1968 Johnson 40hp overheating

Home Forum Ask A Member 1968 Johnson 40hp overheating

Currently, there are 0 users and 1 guest visiting this topic.
Viewing 3 posts - 16 through 18 (of 18 total)

  • lindy46

    US Member - 1 Year
    Replies: 387
    Topics: 26

    Frank and Don certainly know many volumes more about these engines than I do. All I know is what I have personally experienced; and that is problems with cooling, when running them in a barrel. No other models ever gave me any problem but RDs and Big Twins gave me fits. Before you burn any more gray matter, how hard would it be in your situation, to put it on a boat transom and even just back it down a boat ramp on a trailer? Maybe you’re not set to do that yet; but if you can do it, that sure is what I would be trying next….

    I can see that water circulation would be better when moving down the lake. That may be all there is to it. Might have to be my next step.


    US Member - 2 Years
    Replies: 3829
    Topics: 39

    OK, no signs of previous overheat, only question is why someone removed the thermostat in the past. Like Bill says, probably best to put the boat in the water and try it at this point… Is this an electric start model? If so, check hot light operation before heading out.
    Forward motion of the gearcase certainly helps supply a pressurized water supply to the water pump. A weak pump will oftentimes slowly stop pumping when in neutral or reverse, but then start pumping again when put in forward gear due to the somewhat pressurized supply to the pump. Did you run the engine before replacing the water pump impeller? If so, did it overheat then?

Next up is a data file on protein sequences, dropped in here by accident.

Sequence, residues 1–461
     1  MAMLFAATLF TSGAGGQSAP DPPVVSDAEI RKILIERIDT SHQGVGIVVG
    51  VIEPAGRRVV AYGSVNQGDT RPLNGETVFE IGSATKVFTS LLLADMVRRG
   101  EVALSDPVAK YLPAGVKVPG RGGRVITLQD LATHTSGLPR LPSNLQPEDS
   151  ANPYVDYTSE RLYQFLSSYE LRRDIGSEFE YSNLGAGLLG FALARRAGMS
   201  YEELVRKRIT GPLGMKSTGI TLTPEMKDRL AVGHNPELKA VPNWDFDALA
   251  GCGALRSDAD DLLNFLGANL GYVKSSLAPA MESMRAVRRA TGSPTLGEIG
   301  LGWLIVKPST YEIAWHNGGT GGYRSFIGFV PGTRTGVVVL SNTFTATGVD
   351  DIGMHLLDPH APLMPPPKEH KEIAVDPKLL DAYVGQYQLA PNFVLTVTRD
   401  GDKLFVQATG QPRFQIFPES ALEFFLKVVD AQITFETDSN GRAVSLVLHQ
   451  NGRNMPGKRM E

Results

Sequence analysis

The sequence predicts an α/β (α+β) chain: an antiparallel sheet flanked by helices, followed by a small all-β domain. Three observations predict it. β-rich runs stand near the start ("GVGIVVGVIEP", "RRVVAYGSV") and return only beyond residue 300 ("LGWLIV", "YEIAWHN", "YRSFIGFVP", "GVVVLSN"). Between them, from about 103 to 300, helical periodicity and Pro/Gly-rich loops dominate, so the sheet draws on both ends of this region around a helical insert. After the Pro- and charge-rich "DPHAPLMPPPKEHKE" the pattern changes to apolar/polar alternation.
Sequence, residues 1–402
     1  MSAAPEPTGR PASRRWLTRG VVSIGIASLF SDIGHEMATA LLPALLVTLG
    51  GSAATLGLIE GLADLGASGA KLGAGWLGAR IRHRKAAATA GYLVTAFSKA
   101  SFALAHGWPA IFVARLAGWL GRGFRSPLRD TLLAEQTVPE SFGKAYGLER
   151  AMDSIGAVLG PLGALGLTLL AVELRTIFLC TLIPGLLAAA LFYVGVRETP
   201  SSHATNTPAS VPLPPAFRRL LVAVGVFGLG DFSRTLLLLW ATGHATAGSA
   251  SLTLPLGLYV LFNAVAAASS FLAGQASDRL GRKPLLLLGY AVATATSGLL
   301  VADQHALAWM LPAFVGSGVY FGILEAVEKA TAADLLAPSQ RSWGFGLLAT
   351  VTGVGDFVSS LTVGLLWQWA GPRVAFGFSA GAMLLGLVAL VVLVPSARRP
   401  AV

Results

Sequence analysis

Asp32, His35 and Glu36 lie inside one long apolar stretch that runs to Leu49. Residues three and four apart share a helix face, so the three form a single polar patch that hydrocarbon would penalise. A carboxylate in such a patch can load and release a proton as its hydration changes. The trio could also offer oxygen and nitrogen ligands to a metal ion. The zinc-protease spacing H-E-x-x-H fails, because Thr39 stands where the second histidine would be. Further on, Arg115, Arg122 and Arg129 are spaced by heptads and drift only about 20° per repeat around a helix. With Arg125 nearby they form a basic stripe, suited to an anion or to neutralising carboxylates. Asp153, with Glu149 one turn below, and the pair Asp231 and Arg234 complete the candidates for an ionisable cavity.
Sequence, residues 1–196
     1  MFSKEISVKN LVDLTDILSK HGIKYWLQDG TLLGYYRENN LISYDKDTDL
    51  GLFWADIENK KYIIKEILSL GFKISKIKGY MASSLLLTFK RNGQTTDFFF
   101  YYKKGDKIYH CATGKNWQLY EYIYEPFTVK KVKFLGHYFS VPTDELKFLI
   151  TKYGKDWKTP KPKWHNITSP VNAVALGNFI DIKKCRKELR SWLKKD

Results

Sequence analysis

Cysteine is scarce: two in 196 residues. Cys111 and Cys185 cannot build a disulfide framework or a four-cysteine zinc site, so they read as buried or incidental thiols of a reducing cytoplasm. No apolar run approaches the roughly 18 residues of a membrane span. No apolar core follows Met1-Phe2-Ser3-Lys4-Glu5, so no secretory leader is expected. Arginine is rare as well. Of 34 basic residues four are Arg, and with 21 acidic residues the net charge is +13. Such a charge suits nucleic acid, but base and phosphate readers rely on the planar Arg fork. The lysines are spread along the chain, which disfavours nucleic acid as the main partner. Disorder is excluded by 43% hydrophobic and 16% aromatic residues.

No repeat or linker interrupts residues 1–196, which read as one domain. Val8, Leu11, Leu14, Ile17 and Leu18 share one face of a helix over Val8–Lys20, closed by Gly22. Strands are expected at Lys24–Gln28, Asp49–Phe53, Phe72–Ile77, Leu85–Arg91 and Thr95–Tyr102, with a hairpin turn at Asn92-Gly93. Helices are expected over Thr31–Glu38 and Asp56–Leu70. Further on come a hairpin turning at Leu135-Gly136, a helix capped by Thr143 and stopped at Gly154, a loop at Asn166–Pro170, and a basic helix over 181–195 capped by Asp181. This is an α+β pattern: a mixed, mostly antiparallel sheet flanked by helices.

Did you use an OEM impeller or aftermarket? Did you have a good look at the aluminum impeller housing? Pitting and grooves inside the housing will affect pump performance even with a new impeller. Was the upper seal in place on the impeller housing, was it in decent shape? Finally, there is a very small bleed hole in the top of the impeller housing that keeps the system from being air bound, perhaps this is plugged up. The SS impeller base plate must be in good shape also, excessive grooves will affect pump performance. It is important that the SS impeller plate is sealed properly against the aluminum mating surfaces of the gearcase. It is a good idea to use a little sealer/type M/2000 between these two surfaces…Sealing issues in this area will cause the pump to pull air instead of water, especially at higher speeds when the water level drops. Broken screws, gouges, or corrosion/erosion in this mating surface will cause pump issues. It is probably best not to use any sealer at all between the SS impeller plate and the aluminum housing though, even though sealing in this area is just as critical. It is very difficult to apply a small enough amount of sealer in this area, excessive sealer will squeeze out inside the pump and interfere with impeller performance. The aluminum impeller housing should be replaced if there are gouges/corrosion in this area that would affect sealing.


    US Member - 1 Year
    Replies: 387
    Topics: 26

    Electric start. Pump housing was in good shape and upper seal was in good shape. I used an OMC impeller. I did seal the base plate against the gearcase aluminum. Everything I typically do when I replace an impeller. This is a Tennessee motor so never is run in cold water. That’s probably why no thermostat. I don’t have a boat to try it on right now so I’ll have to wait to do further testing. I think it will be ok once it’s run on a boat in the lake. Thanks for all the help and suggestions.

    • This reply was modified 3 days, 11 hours ago by lindy46.
Viewing 3 posts - 16 through 18 (of 18 total)
  • You must be logged in to reply to this topic.